Brad Renfro was a child and teen actor who is now best known for his debut at 11 years old in the movie “The Client.” He had a promising career as an actor and seemed to have it all together, but he was constantly battling addiction and other personal problems, here I take a brief look at his short but brilliant career as an actor.
In The Client, Brad starred as young Mark Sway and made a name for himself as a child actor. He was the kind of kid who could play both tough-guy roles (in movies like Apt Pupil) or be vulnerable in more dramatic films such as Tom & Huck. However, his career would soon decline after he started to battle addiction problems throughout his teenage years.
Brad Renfro was born in Knoxville, Tennessee, on July 25th, 1982. When he was 12 years old, he began his career starring alongside Susan Sarandon and Tommy Lee Jones in the movie “The Client” (1994). Receiving rave reviews for his acting debut it seemed Brad had a promising acting career ahead of him.
In addition to his acting, Brad was unfortunately known for a drug addiction that he developed at the age of 14. He said in an interview with 60 Minutes (2006), “I started by smoking pot, and I just went from there.” His addiction cost him many friends and loved ones along the way. Even though it became difficult for him to get movie roles due to this problem, he continued on… until one day, everything changed.
After “The Client,” he went on to a lead role in “The Cure” in 1995 along with Joseph Mazzello, and the following year followed that up with “Tom And Huck” where he played Huck Finn. Brad followed that up with a role as Young Michael in “Sleepers.” The film was based on Lorenzo Carcaterra’s novel of the same name and starred Robert De Niro, Brad Pitt, Dustin Hoffman, and Kevin Bacon.
The roles kept coming for the talented young actor the next year with “Telling Lies in America” but the best was yet to come the following year with “Apt Pupil” with Ian McKellen playing a former Nazi war criminal living under a false identity. Many have hailed this as Brad’s finest work and included me in that group.
Other roles of note will include Larry Clark’s “Bully” (2001) and that same year four other titles, “Happy Campers,” “Tart,” “Ghost World” and “The Theory of the Leisure Class.” The next year he played Bobby in “Deuces Wild” which also featured Frankie Muniz and a pre “The Walking Dead” Norman Reedus. Brad had had many other roles right through to his final appearance in 2008s “The Informers.”
Brad Renfro tragically died of a heroin overdose on January 15, 2008, at the age of 25. His body was found in his Los Angeles condo, and the coroner ruled it an accidental death from “mixed drugs” with alcohol as a contributing factor. He had been struggling with drug addiction for some time before he passed away. The news came as quite a shock to those who knew him well because Brad Renfro seemed like such a happy-go-lucky person during his life, but behind closed doors, he struggled through depression and substance abuse. It’s always sad when someone dies so young, especially if they were talented and loved by many people – which is exactly what happened with Brad Renfro after his passing that left us wondering how those around him in the movie industry could have done something to help him.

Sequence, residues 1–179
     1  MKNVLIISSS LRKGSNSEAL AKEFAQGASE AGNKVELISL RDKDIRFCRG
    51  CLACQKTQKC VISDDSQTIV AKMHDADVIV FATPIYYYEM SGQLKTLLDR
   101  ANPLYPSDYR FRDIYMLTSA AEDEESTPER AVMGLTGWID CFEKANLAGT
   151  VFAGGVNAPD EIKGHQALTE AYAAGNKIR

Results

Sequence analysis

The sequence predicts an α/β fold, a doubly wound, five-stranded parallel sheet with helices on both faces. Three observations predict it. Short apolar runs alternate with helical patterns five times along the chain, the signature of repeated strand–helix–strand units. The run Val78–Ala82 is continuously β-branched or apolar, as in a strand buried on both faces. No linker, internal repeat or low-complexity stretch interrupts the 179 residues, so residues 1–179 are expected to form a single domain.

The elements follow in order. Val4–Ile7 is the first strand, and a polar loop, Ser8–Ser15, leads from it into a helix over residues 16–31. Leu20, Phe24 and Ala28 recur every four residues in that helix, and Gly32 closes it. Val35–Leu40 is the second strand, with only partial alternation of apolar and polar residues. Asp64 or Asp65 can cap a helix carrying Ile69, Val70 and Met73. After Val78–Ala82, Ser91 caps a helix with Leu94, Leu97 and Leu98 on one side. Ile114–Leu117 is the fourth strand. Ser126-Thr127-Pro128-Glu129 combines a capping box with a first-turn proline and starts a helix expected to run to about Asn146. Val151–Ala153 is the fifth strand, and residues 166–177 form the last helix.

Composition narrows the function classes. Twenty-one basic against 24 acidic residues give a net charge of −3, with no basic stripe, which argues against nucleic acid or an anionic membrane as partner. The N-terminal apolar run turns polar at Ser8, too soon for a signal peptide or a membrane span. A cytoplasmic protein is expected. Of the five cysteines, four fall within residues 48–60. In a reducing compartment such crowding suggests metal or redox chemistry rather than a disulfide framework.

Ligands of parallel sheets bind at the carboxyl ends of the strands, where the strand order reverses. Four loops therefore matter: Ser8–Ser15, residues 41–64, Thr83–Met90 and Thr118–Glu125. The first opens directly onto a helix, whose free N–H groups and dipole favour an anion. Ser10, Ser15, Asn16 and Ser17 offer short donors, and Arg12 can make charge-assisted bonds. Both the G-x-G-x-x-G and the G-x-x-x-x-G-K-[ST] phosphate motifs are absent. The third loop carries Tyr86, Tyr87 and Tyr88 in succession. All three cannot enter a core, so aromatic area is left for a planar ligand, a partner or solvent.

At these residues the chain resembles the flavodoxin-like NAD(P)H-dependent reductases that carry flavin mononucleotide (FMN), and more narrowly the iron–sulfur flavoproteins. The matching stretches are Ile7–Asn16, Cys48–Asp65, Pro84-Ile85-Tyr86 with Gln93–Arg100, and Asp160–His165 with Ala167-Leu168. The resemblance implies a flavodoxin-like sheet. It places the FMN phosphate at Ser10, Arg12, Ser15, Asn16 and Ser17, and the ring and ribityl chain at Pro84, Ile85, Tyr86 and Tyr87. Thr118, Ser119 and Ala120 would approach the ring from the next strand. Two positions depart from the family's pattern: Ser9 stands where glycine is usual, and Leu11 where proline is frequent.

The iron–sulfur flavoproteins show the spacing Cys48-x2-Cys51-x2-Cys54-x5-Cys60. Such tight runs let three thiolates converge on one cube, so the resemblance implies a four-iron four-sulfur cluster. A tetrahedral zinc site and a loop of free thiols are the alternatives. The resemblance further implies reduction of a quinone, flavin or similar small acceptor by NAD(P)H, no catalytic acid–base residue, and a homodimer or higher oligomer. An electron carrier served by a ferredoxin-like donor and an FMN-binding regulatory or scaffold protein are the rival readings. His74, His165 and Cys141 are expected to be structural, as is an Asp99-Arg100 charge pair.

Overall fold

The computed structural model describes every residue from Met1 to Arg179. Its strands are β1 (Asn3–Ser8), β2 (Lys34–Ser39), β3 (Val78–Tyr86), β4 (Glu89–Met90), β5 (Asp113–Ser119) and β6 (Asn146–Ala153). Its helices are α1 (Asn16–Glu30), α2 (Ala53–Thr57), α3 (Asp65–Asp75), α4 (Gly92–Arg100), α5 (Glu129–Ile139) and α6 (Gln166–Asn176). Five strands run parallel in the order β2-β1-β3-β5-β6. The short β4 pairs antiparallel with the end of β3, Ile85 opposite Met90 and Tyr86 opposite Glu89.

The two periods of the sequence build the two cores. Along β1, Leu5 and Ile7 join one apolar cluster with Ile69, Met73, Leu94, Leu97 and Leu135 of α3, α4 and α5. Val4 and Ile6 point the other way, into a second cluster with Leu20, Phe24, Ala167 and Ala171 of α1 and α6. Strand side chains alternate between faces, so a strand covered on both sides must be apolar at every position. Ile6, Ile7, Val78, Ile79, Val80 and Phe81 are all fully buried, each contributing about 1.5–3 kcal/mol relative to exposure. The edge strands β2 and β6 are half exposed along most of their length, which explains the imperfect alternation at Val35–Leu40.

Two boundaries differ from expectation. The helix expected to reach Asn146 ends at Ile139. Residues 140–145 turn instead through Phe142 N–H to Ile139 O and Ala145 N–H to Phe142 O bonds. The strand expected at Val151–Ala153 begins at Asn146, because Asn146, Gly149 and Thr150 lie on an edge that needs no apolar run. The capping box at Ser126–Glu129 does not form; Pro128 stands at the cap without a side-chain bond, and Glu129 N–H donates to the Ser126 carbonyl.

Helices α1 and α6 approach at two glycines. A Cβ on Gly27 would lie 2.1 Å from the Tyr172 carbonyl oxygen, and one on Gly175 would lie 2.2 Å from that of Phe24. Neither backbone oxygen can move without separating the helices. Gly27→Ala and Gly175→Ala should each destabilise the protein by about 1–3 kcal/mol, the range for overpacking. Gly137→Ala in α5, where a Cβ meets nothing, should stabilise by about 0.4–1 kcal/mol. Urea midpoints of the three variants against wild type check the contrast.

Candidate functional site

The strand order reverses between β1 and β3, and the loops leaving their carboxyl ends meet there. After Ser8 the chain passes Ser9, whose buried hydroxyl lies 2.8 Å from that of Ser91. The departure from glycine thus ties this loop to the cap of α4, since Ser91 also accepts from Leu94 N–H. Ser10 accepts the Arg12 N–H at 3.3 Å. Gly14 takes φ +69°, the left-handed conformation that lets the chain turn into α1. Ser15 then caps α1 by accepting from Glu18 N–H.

The actor’s father had acknowledged that Brad struggled with alcoholism since childhood and battled addiction problems during adulthood on several occasions before succumbing to drugs for good following his release from rehab yet again. One person who knew Renfro well said: “Brad always told me… ‘I’ve got demons inside of me.’ He’d never shaken them.”
The sad death of this former child star who made such a huge impression on audiences seems like it could be a lesson for other child actors who have found sudden fame and riches.
The life of Brad Renfro is not one that can be forgotten so easily because he was such an important part of film history with his meteoric rise to fame.
The life of Brad Renfro is a reminder to all parents that even the most well-meaning and responsible child may not have enough self-control when it comes to substances and drugs. It’s an important lesson for everyone who works with children or teens in any capacity – we can never be too careful about their safety.